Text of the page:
Introspection is a form of self-reflection, a way to come to know one’s self. It takes time and effort to come to know yourself but the benefits and rewards are great. Introspection will teach you many things and the techniques used in the process have many beneficial side-effects. You will learn why you do things and because of that you will have a great deal of control over what you do. You will be able to make many changes in yourself if you wish as well as find out and become your true self. Introspection is extremely useful, you’ll gain insight and knowledge about yourself and eventually gain dominion over yourself. Introspection is truly a powerful thing because you can actually figure out why you are doing something and be able to do something about it.
Introspection requires the ability to look at all situations objectively. Emotions will cloud your thoughts, preventing you from seeing things as they are. Depression will cause one to see things in a negative way and mania will cause one to see in an excessively positive fashion. When you think objectively, without emotion, you will see things, not as they feel, but as they are. Remember this, however, you must feel. Objectivity is a tool, not a way of life. It will give you great insight into your inner world, you will know who you are and why you do things but this should never come at the price of losing ones humanity.
Objectivity is the cornerstone of introspection, you cannot see into your innermost parts until you can see with an unclouded vision. In order to understand yourself you have to look at your experiences, opinions, thoughts, actions, feelings, beliefs, and opinions objectively. You must ask why. You must look at these things and understand them. Simply remembering them or thinking about them is not enough. You can’t look at a math book and learn math, you must understand the contents of the math book to learn math.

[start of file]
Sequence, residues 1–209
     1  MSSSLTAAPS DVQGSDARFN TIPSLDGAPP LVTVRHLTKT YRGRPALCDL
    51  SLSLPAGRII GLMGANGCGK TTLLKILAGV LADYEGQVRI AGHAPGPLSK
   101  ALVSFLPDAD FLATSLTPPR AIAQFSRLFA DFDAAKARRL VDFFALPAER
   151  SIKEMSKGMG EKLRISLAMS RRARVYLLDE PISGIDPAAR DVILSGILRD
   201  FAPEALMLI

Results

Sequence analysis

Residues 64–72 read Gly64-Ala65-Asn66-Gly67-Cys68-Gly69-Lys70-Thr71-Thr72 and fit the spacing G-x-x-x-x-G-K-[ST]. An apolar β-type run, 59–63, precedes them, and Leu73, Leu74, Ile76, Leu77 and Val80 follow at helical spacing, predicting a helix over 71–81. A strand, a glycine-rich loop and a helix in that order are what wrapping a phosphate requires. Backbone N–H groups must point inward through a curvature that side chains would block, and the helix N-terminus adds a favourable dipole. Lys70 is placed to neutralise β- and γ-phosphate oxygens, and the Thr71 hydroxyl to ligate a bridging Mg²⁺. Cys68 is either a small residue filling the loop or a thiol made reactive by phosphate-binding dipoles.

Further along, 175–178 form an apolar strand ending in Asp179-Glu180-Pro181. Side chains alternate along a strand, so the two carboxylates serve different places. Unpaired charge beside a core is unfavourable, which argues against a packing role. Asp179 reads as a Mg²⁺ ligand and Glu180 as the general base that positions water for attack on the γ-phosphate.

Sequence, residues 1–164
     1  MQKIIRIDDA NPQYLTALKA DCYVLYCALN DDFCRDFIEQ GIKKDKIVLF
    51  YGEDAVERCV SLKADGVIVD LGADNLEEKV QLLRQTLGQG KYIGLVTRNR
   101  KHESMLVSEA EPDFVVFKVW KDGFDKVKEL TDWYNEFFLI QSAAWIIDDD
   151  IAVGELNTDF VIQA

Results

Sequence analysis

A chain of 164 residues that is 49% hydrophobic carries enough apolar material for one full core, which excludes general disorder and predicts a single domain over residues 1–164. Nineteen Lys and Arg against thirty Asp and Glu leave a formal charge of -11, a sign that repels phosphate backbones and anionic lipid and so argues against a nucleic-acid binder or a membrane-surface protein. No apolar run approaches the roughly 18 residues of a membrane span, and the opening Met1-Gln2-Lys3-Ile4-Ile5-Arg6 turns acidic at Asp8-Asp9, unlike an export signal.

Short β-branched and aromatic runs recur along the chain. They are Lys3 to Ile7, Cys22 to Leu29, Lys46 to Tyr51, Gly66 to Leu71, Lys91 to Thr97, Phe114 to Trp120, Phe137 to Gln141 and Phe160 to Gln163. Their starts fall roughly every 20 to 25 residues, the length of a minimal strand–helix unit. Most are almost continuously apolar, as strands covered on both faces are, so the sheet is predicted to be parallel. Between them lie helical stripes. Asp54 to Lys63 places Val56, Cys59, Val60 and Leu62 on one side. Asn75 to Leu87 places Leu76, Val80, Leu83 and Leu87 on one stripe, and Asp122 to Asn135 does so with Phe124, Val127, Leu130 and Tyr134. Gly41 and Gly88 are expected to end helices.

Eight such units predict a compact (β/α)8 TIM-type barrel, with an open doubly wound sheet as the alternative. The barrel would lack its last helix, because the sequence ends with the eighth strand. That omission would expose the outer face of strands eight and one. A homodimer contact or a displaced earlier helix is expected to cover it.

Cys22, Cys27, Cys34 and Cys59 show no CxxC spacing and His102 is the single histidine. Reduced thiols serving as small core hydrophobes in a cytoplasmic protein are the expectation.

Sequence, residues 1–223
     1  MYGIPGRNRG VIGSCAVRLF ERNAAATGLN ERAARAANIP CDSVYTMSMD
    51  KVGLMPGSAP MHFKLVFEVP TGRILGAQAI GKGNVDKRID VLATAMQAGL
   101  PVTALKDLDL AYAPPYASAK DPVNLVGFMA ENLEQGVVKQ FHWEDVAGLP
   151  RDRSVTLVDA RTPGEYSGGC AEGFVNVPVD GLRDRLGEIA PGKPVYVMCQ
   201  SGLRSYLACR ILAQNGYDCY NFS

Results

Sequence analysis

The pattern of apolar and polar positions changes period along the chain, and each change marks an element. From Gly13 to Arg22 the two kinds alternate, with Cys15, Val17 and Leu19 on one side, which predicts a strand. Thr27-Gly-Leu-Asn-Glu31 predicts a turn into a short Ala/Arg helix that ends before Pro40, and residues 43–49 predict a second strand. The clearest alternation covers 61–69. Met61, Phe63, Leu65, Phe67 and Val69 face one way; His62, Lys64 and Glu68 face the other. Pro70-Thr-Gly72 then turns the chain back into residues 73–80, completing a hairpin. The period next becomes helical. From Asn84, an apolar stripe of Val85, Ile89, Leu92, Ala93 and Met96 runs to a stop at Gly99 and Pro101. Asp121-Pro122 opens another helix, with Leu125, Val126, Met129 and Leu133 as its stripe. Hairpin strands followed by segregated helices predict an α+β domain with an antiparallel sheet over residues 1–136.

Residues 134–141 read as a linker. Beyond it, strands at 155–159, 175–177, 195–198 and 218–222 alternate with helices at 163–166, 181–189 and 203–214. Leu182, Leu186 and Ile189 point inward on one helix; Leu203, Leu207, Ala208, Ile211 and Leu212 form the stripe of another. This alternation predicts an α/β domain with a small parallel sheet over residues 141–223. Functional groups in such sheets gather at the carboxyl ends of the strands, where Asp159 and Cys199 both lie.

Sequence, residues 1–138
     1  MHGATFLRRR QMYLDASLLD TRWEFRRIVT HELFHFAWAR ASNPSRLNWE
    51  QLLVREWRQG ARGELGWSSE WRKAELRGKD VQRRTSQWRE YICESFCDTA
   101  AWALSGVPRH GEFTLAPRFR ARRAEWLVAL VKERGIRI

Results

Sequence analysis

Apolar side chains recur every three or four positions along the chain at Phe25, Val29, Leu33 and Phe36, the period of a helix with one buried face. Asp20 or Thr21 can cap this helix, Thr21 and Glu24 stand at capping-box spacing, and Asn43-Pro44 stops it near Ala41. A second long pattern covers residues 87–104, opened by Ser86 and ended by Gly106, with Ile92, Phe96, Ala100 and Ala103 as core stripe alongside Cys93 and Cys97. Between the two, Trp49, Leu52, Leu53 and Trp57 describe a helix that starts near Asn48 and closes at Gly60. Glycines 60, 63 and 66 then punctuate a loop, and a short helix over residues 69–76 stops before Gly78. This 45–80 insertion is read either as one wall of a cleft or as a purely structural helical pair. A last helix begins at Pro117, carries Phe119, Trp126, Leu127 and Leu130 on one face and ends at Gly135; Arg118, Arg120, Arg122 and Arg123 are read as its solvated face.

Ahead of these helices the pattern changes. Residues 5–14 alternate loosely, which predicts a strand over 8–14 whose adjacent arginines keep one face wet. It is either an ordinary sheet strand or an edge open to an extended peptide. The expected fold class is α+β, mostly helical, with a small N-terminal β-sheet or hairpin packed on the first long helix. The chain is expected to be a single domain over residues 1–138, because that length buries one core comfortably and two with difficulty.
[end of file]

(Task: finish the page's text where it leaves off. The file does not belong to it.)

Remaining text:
Meditation is a powerful tool that will help strengthen your mind and improve the performance of your memory and the logic of your thinking processes. Meditation isn’t a direct tool for introspection because mediation requires that you empty your mind or focus on a certain object in exclusion of anything else. What it does to is increase the capability of your mind to be introspective. It allows you to clear your mind so you can retain your objectivity when analyzing some part of yourself. That is, perhaps, the most important benefit of meditation, the ability to clear your mind with relative ease. This is a must when exploring your innermost self. It allows you to remove distractions or stirred up emotions that may cloud your thinking.
Meditation is simple but time consuming. Sit is a way that is comfortable but not particularly suited for sleep. Meditation will cause you to become relaxed as if sleeping, but your consciousness must be fully and intensely awake, else you do not meditate, you sleep. If you meditate with your eyes closed, the room must remain brightly lit to limit the possibility of drifting into sleep.
Find a place that is comfortable, as causing ones self discomfort is rarely useful, and make certain you will not fall asleep. Next empty your mind, take each thought or stressor and set it aside; do not push, simply let go. Think of nothing and do so for a long period of time, gently setting aside random thoughts that enter your consciousness. If time is a concern remember that you perception of time is altered during meditation and plan accordingly.
Introspection, then, requires three basic skills: Objective Thinking, Mediation, and Self-Analysis. These will allow you to discover yourself as well as improve the function of your mind. Your memories will be clearer and you will be more alert and in control. Your mind will no longer be a mysterious place whose functions you are affected by but do not understand, it will become a familiar place that gives you joy and peace. You live in your head, it should be a familiar place that you are in control of, not some incomprehensible mysterious place that does whatever it wants.